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Authorities may be zeroing in on ILOVEYOU suspect
Philippine Internet provider expects warrant to be served soon
(CNN) -- An Internet service provider in the Philippines linked to the "ILOVEYOU" computer virus expects a search-and-seizure warrant to be served soon on the virus's suspected author, according to a company spokesman.
Toby Ayre, spokesman for Sky Internet in Manila, says authorities told him a warrant will be served imminently in the international investigation to find the creator of the virus.
A representative of another Manila Internet provider, Super.Net, tells CNN that his company believes the author is a 23-year-old man from the Pandacan neighborhood of Manila.
Although law enforcement sources in Washington also said investigators believe the virus may have originated with a young man in Manila, they cautioned that address codes can be faked.
Manila police said they are checking on a possible suspect but have made no arrests.
The two e-mail addresses, email@example.com and firstname.lastname@example.org were the source of the virus, according to Manuel Bong, a spokesman for Access Net, which owns Super.Net.
The beginning of the virus code states the alias "spyder," and contains an anonymous e-mail address and a company name. It is also signed "Manila, Philippines," with the poorly worded phrase "i hate go to school."
The virus attempts to change a user's Microsoft Internet Explorer start page to one of four accounts at Sky Internet.
Ayre said that three of those accounts were suspended "quite a while ago" for nonpayment, although defunct customer accounts are not deleted. The fourth account belonged to an active subscriber who did not use it, Ayre said. The suspected virus author uploaded an executable file, called "WIN-BUGSFIX.exe," onto Sky Internet servers on April 28.
The ILOVEYOU virus was first reported in Hong Kong and spread gradually west as Thursday dawned, infecting government and business computers. Anti-virus companies in the United States fielded thousands of calls from corporate customers reporting widespread infections.
Getting in through the back door
Ayre told CNN.com that the person behind the virus had been trying to break directly into Sky Internet for some time, but his phone number was blocked from the provider's servers on April 1.
Then the author did an end run, breaking into the servers of Impact, another Manila Internet provider, in order to hop over to Sky Internet's network and place the file.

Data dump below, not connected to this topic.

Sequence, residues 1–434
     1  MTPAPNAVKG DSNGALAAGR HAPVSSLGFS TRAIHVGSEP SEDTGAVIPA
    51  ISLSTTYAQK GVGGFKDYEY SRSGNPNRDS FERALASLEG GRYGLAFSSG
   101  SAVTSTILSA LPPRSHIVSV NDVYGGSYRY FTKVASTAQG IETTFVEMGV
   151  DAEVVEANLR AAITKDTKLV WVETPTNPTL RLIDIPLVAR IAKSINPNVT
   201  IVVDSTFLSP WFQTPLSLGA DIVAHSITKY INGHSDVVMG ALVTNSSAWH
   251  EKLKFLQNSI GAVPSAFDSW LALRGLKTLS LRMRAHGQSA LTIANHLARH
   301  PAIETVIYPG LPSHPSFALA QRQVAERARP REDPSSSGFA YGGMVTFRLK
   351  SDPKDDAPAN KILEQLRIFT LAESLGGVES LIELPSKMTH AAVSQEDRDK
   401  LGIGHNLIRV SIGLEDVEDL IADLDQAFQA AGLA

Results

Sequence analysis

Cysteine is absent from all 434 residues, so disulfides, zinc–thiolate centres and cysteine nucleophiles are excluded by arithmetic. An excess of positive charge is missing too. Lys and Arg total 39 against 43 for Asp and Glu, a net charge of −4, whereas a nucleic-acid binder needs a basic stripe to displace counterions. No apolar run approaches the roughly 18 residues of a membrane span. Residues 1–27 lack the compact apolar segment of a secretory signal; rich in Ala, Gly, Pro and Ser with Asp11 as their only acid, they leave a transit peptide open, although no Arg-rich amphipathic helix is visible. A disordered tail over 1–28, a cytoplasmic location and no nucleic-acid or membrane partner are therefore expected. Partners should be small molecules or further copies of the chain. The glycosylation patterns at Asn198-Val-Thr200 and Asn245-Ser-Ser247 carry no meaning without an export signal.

Ayre said that Impact is cooperating with authorities, as is Sky Internet. The Philippine National Bureau of Investigation, Interpol, the FBI and the National Infrastructure Protection Center are working on the case.
The executable file was a second part of ILOVEYOU's attack. Although the first part of the virus e-mailed itself out and damaged files, it also tried to send users to the Sky Internet Web pages in order to download and run the executable file. That executable searches a user's hard drive for user name and password combinations, then sends them off to the e-mail address email@example.com.
Sky Internet was tipped off, however, by a European Internet provider and discovered the executable file early in the virus's outbreak, about 4:30 a.m. EDT Thursday.
"By 4:30 we had removed the (executable file). It only attacked a couple hundred people in Europe," Ayre said.
If that portion of the attack had reached more people, the results could have been catastrophic for computer users around the globe.
"I'm just happy the second part didn't hit the world," Ayre said. "It would have been extremely pathetic with 40 million people trying to change their passwords. Every password from every infected computer would have to be changed."
'He just wasn't that smart'
The simplicity of the e-mailed virus, written in plain code, made detection and removal easier.
"By making the virus more adaptable, he could have made it much more difficult to stop," Ayre said. "He wasn't being nice to us, he just wasn't that smart."
The remaining active Sky Internet Web site referenced in the e-mail virus has been changed to display a page warning users that their computers have been infected.